A University of Sydney study of Sydney dog owners has found that an overwhelming 95 per cent of people are in favour of dogs on public transport, with more than half indicating they would do more activities with their hound if they were allowed.
The findings of the 2016 survey of more than 1250 Sydney dog owners found a high level of dog-related car trips in a city where dog ownership is among the highest in the world.
With almost 39 per cent of Sydney households owning a dog, Dr Jennifer Kent and Professor Corinne Mulley wanted to find out how people get around with dogs in a city that restricts them from riding on public transport.
“There is compelling evidence of the links between companion animals and human health. So, we wanted to know how much human-dog time is reliant on a car, and what role public transport could play to encourage this bond and activity,” Dr Kent said.
The survey examined the popular activities that owners do with their dog, such as go for a walk, or visit the park, and how often these rely on a car.
“Based on our research sample of dog owners, we estimate that there are approximately 2.4 million dog-related trips in a private car carried out in Sydney each week,” Dr Kent said.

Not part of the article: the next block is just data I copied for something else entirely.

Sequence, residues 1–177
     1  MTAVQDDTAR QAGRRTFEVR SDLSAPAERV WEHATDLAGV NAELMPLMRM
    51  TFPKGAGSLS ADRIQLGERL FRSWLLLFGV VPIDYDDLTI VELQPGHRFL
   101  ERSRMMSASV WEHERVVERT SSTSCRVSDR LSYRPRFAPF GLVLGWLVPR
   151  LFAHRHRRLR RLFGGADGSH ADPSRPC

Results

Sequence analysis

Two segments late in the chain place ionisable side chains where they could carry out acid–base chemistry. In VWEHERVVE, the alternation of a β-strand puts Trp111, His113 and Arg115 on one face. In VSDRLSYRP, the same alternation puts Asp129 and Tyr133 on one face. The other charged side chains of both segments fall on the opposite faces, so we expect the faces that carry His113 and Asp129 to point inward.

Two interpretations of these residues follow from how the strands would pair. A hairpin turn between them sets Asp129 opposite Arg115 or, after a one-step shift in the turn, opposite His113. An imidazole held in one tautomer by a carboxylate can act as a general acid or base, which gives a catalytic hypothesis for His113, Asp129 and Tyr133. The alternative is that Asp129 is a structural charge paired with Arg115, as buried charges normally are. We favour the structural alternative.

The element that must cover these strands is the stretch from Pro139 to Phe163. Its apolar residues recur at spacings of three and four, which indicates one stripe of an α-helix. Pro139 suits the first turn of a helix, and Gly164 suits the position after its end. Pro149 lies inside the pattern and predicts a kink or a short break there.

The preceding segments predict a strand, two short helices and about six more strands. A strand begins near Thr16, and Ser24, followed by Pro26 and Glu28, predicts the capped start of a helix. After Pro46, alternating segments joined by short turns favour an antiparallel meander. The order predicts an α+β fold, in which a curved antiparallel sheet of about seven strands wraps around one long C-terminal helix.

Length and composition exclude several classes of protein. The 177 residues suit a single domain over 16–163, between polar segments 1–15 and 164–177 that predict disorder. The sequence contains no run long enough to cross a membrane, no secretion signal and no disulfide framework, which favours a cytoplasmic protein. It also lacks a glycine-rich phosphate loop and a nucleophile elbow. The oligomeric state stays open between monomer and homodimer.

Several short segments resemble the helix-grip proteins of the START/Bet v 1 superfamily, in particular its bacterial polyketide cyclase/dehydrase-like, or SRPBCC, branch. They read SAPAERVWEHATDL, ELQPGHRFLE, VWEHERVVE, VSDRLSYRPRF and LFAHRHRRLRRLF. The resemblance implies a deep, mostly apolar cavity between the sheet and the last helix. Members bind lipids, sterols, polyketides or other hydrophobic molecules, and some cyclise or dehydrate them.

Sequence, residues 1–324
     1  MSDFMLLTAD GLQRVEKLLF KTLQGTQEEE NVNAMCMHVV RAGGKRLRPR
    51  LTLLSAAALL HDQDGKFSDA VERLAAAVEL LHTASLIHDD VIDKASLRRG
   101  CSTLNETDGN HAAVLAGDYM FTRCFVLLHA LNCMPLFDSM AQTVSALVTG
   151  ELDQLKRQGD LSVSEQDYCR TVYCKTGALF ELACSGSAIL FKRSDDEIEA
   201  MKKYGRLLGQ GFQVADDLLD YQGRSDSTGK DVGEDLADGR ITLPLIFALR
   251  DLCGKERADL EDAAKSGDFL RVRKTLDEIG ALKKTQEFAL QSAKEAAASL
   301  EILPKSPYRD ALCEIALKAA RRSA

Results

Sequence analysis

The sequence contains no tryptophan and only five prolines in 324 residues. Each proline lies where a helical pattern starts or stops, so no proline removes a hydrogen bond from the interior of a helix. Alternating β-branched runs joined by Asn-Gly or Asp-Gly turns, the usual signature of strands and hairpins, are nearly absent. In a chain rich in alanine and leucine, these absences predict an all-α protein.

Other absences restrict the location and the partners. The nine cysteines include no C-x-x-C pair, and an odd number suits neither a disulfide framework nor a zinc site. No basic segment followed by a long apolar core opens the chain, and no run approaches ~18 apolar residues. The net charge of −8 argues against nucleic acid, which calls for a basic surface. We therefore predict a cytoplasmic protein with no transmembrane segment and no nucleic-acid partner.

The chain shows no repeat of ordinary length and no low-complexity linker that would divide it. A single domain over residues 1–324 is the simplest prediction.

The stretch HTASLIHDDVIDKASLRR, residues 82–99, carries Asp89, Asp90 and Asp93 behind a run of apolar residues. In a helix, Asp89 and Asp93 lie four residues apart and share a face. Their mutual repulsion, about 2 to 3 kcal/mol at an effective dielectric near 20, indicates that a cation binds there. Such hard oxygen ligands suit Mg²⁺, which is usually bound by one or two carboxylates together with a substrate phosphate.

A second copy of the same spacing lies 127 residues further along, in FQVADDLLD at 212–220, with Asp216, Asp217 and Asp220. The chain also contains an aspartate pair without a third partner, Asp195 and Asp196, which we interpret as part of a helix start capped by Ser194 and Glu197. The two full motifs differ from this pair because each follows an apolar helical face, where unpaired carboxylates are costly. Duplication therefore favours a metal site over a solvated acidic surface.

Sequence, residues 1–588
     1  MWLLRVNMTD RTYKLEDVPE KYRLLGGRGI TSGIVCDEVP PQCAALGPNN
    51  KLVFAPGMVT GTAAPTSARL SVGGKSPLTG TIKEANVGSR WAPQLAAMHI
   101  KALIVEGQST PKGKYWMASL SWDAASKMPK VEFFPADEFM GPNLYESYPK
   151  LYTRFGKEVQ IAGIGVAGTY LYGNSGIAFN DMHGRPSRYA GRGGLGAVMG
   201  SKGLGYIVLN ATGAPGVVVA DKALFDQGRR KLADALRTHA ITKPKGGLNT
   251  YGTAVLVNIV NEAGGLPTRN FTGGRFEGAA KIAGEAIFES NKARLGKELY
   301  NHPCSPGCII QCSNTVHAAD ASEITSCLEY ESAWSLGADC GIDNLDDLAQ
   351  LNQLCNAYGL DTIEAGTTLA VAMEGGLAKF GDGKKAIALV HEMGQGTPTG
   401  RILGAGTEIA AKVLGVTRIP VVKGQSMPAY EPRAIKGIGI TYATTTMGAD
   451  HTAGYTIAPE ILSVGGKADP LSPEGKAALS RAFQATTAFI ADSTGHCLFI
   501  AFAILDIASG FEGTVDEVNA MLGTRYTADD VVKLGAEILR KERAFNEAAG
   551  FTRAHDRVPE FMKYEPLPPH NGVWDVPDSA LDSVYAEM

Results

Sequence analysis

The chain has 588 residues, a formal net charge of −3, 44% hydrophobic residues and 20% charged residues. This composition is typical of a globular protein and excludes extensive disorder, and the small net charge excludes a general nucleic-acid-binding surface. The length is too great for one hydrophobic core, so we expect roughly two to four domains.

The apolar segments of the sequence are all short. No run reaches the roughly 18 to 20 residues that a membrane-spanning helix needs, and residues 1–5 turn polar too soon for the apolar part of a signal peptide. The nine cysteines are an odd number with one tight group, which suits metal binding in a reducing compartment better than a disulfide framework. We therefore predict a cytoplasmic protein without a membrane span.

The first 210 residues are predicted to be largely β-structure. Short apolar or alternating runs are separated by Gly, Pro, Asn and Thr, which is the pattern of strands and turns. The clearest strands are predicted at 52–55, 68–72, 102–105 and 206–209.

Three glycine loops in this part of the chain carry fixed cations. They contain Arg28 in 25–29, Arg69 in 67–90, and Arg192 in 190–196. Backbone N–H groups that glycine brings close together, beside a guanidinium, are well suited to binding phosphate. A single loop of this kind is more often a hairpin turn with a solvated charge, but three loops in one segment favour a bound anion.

The survey also found that, on average, people visit the vet more than three times a year and 86 per cent of these trips are made by car. Almost 14 per cent of people said that a lack of transport had prevented them from taking their dog to the vet.
When dog owners were asked if their pooches should be allowed on public transport (without being confined in a box, basket or other container as currently required), 95 per cent responded in the affirmative. More than 55 per cent indicated this would allow them to do even more with their dog, and 20 per cent said they would consider ditching their car altogether.
“If dogs weren’t restricted from riding on public transport, this high number of car trips for dogs could be reduced. The benefits would extend far beyond fewer cars on the road, by potentially getting people moving more with their dogs and socially connected,” Dr Kent said.